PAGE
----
Here, Burns states what The Wire implicitly enacts—that the consumption of hip hop involves a privileged level of access no longer fully available to the very class the genre claims to represent. Burns attacks hip hop as his most direct, subversive competitor in the ongoing battle to represent the black underclass in the media. 12 He describes hip hop as fungal, something that grows, contaminates, and transforms the farther and farther it travels from "the bottom." By the time it reaches the inevitable top, its contamination and, consequently, its distance from this "authentic bottom" reveals itself, Burns explains, in its ultimate consumers and connoisseurs—the "white boys" in "in the country . . . walk[ing] up and down the street," whom he collapses with the nonhuman.
Ed Burns's collapsing of hip hop with both white consumption and the nonhuman comes as no surprise. As Bakari Kitwana notes and later challenges, "[T]he rarely disputed 'fact' that white suburban youth constitute hip-hop's primary audience may now be as popular as hip-hop itself." 13 Furthermore, the negative tethering of black representational practices to nonhumanity has centuries of American precedent. What Burns's remarks elucidate for us is that The Wire, as a competing popular culture representation of the life of the black underclass, must attempt to dislocate hip hop along with its partner in representational crime—the basketball court—from the aesthetic logic of his show in order to find a new representative order for the black underclass. 14 Or, in the words of political theorist Richard Iton, the hyperpresence of blacks in the cultural sphere can be pejoratively read as an overinvestment, with popular culture serving as a shadow land of black spectacle in which the overrepresentation of African Americans serves as poor compensation for their underrepresentation in institutions of the state. 15 With The Wire, Burns and Simon hope to push against the tropes and signs of the black underclass common to popular culture and move the discussion of black representation to the arenas of surveillance, biopolitics, and the ethical failures of both the state [End Page 444] and capitalism, a discussion they cannot have while the specter of hip hop looms over their practices of representation, threatening to wrestle the discourse of the black underclass back to its normative terrain of music and sports.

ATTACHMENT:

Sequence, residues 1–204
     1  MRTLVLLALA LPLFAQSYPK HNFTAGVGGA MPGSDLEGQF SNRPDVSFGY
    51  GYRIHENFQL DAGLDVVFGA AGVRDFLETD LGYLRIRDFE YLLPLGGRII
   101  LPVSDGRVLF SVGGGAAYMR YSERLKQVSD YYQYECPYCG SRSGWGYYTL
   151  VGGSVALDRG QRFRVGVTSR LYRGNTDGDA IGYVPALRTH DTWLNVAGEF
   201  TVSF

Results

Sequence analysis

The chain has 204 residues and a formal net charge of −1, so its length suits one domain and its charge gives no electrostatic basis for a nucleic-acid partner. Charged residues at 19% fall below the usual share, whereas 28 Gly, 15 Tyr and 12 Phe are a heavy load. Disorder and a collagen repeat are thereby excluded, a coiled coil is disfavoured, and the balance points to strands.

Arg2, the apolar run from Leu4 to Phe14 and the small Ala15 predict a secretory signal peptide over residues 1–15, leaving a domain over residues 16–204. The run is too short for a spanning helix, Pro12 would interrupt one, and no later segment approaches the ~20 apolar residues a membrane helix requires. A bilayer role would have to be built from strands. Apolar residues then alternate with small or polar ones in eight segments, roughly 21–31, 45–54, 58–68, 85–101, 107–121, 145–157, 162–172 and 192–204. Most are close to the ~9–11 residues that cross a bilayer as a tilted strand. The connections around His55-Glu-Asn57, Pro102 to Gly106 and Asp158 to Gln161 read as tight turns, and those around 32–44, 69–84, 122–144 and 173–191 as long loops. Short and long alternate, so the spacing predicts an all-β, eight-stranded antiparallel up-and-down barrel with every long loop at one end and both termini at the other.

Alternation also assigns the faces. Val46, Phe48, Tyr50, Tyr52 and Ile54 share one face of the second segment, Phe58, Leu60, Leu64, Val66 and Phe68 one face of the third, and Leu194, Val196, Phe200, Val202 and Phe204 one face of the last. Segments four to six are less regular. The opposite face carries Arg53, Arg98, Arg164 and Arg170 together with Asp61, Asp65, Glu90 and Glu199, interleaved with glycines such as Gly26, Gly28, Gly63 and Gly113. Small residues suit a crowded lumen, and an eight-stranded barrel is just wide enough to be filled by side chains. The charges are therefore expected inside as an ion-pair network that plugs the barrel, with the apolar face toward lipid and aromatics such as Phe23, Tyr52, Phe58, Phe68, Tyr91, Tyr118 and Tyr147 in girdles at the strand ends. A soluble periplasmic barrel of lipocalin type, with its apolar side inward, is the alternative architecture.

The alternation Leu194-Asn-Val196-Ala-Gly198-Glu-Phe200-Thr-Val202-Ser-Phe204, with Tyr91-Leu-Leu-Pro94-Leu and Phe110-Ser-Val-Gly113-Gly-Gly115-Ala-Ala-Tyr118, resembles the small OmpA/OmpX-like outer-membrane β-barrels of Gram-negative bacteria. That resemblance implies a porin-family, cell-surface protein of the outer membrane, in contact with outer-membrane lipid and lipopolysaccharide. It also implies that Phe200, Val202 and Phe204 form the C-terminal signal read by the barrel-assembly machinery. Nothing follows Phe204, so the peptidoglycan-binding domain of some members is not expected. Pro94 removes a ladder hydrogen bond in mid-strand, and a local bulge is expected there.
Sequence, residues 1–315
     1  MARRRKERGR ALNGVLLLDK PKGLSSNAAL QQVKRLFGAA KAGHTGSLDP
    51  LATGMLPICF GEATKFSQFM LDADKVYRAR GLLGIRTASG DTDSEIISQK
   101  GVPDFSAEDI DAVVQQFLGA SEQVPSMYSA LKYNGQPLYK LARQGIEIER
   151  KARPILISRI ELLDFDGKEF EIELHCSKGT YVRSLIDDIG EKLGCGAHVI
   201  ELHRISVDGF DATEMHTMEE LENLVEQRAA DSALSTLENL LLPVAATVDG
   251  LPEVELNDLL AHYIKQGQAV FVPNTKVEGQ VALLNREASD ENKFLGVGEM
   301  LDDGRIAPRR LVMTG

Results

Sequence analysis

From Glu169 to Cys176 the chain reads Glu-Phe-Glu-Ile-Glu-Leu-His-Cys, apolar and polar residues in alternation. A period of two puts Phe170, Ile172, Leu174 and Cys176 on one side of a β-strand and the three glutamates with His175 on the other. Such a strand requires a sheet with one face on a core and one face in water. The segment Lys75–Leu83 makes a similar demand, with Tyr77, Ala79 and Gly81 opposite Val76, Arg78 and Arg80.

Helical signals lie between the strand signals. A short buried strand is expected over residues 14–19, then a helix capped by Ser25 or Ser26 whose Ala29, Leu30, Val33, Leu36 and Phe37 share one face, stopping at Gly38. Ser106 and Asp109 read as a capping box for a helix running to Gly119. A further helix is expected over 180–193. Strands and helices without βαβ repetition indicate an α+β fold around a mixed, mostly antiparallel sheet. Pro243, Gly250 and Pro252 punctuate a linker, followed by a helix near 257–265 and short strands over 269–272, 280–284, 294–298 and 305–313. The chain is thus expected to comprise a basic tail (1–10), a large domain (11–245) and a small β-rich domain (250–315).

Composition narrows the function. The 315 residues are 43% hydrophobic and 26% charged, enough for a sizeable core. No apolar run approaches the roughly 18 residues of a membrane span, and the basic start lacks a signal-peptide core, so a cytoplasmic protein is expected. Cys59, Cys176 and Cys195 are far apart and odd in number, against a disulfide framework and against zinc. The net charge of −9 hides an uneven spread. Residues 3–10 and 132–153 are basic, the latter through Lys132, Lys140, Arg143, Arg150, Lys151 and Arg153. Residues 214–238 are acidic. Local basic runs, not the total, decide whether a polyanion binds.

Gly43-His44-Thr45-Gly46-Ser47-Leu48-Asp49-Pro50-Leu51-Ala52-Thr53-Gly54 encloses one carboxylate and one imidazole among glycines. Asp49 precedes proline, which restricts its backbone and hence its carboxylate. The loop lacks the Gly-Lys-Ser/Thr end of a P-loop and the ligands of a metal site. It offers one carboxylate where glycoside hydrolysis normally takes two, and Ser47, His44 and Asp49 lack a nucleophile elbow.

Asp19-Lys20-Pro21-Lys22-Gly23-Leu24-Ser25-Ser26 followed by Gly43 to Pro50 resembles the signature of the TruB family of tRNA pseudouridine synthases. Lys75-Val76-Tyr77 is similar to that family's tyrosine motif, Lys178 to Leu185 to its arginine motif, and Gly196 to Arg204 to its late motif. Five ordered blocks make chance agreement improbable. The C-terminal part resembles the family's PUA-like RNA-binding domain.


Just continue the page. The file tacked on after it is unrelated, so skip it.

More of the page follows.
But do Burns and Simon go too far in their attempted exorcism? They need to dislocate hip hop from The Wire in order to demonstrate that there is more at "the bottom" than what their intended target of homogenized hip hop has sold for three decades. Hip hop becomes a necessary straw man that the show must claim to resist but also ultimately needs in order to remain an authentic and believable representation. The show's producers deal with this double bind by rendering music as everywhere and nowhere. It is everywhere in that to deny its presence would damage the show's claims to realism, and so, accordingly, the show requires thick bassy beats emanating from cars and boom boxes to reflect the reality of the corner "environments." As Leyh says in the quote I opened with, "we need hip-hop to go there." But music is also nowhere on The Wire, meaning that the show does not have to portray music beyond the level of authenticating sonic prop. 16